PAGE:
[TBD] Hosted by Douglas Bayliss, Pharmacology and the Neurosciences Graduate Program, Dr. Knight is an Assistant Professor in the Department of Physiology and a member of the Kavli Institute for Fundamental Neuroscience at UCSF. His laboratory investigates the neurobiology of homeostasis, especially the neural mechanisms that govern hunger, thirst, and thermoregulation.
Zachary Knight received his B.A. in Chemistry from Princeton University in 1999. As an undergraduate, he developed novel chemical approaches for mapping protein phosphorylation dynamics. He then continued his chemistry training at the University of California, San Francisco, where he received a Ph.D. in Chemistry and Chemical Biology in 2006. As a graduate student in the laboratory of Kevan Shokat, Zachary discovered some of the first selective small molecule inhibitors of PI3-kinase and mTOR, two signaling enzymes critical for metabolism and cancer. In 2007, Zachary co-founded Intellikine in order to develop these compounds as drugs for the treatment of cancer, and three compounds from this effort are currently being evaluated in more than 40 clinical trials.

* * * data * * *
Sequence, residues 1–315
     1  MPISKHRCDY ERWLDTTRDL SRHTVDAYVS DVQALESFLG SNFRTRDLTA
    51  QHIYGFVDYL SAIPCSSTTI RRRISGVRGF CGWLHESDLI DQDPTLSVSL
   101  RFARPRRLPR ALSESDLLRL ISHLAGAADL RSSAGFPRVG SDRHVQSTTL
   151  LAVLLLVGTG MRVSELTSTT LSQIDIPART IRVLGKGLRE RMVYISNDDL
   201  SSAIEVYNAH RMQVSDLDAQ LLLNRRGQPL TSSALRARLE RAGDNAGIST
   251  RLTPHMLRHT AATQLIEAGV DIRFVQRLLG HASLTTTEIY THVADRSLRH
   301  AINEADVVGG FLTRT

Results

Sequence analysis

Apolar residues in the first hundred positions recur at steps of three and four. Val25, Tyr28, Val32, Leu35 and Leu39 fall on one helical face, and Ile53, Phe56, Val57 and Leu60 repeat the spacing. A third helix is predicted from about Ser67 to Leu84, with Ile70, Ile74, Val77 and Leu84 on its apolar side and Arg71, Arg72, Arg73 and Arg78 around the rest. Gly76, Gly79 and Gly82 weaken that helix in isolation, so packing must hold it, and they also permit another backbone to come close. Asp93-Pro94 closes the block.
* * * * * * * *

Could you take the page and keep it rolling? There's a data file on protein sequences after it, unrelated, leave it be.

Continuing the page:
After receiving his Ph.D., Zachary decided to switch fields from chemistry to physiology and pursued postdoctoral research in the laboratory of Jeffrey Friedman at the Rockefeller University. As a postdoctoral fellow, Zachary developed new technologies for the molecular identification of neurons in the mouse brain that have specific activity patterns or connectivity. He then used these tools to identify new populations of neurons involved in feeding and other aspects of physiologic homeostasis.
In November 2012, Zachary returned to UCSF to start his independent lab in the Department of Physiology. His work has been recognized by a number of awards, including being named a Robertson Investigator of the New York Stem Cell Foundation; a Rita Allen Scholar; a Pathway Awardee of the American Diabetes Association; and a fellow of the Klingenstein, McKnight, Sloan, and Brain and Behavior Research Foundations. He has received the Pathway to Independence and New Innovator Awards from the National Institutes of Health, and, most recently, was recognized with the 2016 Helmholtz Young Investigator in Diabetes Award.